"For that one spli second, you swear they're looking at you and singing with you. It's the best feeling in the world," Triton College student Danny DeRosa has become a State and Madison fan overnight. "I had no idea who they were a couple weeks ago. I listened to their music on MySpace, heard the CD and saw them live a few days later, it was great, DeRosa said of the event.

State and Madison has done Local 101 podcasts, performed at schools in Illinois including Columbia College, Northern Illinois University and Wright College, they are also the new, featured artists on and were recently in Chicago's Red Eye music section.

On August 10, State and Madison played a prominent show at the Beat Kitchen and released their new EP, "Consider This a Confession." The South Side band has been a part of Chicago's local scene since 2005. Word is spreading quickly as each show becomes more and more crowded, filled with fans that have been with the band since day one and new faces captivated by their music.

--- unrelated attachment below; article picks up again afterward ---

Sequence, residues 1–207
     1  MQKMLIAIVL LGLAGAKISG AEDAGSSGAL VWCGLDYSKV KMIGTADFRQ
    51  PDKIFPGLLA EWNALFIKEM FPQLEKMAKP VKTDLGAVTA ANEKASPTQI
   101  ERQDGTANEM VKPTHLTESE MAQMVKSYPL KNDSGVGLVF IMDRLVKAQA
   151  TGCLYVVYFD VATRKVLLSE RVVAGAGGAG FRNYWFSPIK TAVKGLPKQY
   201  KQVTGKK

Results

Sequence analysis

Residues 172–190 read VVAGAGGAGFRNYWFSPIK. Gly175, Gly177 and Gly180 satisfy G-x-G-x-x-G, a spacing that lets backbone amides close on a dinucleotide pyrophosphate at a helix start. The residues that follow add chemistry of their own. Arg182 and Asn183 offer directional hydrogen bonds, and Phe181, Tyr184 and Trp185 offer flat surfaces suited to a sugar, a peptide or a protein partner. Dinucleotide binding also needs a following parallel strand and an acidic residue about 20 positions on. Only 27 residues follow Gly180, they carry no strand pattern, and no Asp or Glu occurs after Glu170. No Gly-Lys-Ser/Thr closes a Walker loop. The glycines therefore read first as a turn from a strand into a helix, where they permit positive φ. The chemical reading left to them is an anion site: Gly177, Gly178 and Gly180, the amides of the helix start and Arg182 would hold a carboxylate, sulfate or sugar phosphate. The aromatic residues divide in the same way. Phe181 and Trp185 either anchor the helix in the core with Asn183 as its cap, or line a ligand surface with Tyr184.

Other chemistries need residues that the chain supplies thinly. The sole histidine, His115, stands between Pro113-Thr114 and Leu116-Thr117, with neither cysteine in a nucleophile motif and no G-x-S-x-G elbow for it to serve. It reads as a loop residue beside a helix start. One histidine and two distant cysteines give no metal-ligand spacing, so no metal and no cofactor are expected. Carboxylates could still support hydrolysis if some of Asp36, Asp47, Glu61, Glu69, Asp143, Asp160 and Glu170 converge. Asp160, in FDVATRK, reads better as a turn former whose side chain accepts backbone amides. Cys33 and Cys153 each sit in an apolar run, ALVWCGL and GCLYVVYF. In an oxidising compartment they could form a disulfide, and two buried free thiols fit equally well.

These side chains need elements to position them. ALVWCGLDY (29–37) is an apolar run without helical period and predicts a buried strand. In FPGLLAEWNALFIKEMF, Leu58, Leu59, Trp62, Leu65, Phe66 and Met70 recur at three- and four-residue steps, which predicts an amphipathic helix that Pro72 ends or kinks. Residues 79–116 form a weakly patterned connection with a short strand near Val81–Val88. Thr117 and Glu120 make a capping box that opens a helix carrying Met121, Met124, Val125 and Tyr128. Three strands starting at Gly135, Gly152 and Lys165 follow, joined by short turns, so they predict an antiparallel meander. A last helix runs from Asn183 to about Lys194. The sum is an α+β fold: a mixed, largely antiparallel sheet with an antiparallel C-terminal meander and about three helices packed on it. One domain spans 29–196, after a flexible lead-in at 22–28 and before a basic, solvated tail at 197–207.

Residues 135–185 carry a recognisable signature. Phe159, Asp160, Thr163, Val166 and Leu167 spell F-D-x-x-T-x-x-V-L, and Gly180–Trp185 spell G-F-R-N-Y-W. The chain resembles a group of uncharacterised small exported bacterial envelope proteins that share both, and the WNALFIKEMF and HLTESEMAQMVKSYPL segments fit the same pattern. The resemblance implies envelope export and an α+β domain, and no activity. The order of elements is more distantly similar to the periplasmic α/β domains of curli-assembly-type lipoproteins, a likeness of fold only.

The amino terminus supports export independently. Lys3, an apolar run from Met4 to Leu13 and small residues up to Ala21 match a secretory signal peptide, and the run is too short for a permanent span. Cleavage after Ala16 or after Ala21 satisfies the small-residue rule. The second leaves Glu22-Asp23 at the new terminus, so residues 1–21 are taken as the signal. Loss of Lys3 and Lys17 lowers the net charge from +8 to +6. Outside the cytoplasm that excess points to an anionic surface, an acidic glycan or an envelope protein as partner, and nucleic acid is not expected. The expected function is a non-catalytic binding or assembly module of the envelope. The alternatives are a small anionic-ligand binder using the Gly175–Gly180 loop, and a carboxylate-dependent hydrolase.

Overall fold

Excellent performances from Ambiance, LifeInJersey and Inept got the crowd pumped up and read for their favorite local boys State and Madison. The CD release show had hundreds of fans dancing, singing and jumping around in the crowd. Emily Meister, a Wright College student who has brought State and Madison to Wright in the past said, "They make it clear it's about the music and having a good time."

Fellow Wright student Faith Tsurutani agreed, "It was exciting, fun and rewarding. It was amazing to not only have that level of energy that only amazing music can bring you, but to also be able to share that energy with tons of people who feel the same way. They're one of the only bands that can still do that for me."

One of the reasons why State and Madison already has a fan base of almost 8,000 and growing, after only two years, is because of the attitude they have towards the people who fall in love with their music.